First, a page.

Turkey is voting on its constitution. Here are 17 ways it might change

Some say the amendments will be the key to Turkey's economic and democratic development. Others say it will give way to one-man rule.

Photo by: Anadolu Agency
Photo by: Anadolu Agency

Grand National Assembly of Turkey.

Updated Apr 15, 2017

Turkey begins a countdown to the presidential referendum. The vote takes place on April 16.

Here's a brief overview of how the constitution might change if a referendum is passed:

• Position of the prime minister will be abolished

• The number of MPs will be increased to 600

• High-ranking public executives will be directly appointed by the president

• The president can be sent to the high court with 400 votes

• State of emergency will be declared by the president and approved by the Parliament

• The president will not be required to dissociate from his/her political party

• Judiciary, in addition to independence, will also be defined as impartial

• Parliamentary and presidential elections will be held simultaneously every five years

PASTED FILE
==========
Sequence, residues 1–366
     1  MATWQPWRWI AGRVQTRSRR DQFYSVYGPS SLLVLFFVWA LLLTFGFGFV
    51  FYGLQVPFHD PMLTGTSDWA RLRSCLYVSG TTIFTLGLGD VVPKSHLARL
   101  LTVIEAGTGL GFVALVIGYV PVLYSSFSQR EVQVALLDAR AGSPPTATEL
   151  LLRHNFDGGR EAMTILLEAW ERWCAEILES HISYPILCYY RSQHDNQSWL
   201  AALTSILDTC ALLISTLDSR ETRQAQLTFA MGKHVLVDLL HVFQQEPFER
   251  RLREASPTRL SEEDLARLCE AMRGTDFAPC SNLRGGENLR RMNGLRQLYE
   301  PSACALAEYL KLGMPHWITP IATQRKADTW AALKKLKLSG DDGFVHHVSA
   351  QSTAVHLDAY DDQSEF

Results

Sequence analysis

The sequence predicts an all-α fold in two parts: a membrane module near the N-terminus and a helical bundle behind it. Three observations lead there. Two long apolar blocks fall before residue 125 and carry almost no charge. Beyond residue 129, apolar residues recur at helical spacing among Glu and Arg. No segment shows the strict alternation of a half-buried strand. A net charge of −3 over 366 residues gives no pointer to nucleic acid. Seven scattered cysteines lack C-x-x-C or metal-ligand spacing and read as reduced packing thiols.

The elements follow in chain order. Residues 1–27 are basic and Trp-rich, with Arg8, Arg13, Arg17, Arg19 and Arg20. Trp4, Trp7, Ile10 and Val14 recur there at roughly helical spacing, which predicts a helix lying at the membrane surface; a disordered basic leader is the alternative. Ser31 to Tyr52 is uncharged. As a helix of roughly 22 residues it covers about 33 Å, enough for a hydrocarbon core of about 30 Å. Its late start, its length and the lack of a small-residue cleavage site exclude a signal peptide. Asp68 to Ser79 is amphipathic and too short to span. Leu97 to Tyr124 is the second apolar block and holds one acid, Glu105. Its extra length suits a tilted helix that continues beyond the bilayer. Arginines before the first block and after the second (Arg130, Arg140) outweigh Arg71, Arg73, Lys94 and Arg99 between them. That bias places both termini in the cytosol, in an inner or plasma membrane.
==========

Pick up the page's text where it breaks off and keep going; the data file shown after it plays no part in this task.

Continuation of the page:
• The Parliament will be able to request an investigation into the president’s affairs by passing a majority vote

• The president will appoint ministers and vice president(s)

• The Board of Judges and Prosecutors will be comprised of the minister of justice, the undersecretary, seven members appointed by the Parliament, and four members appointed by the president

• The age requirement to become an MP will be lowered to 18

• The legislative prerogative of the Parliament will be maintained

• The investigation decree for the president requires 360 votes

• Both the president and the parliament will be able to request a re-election

• The president must get parliamentary approval for the budget

• Military Courts will be restricted to disciplinary issues among military officers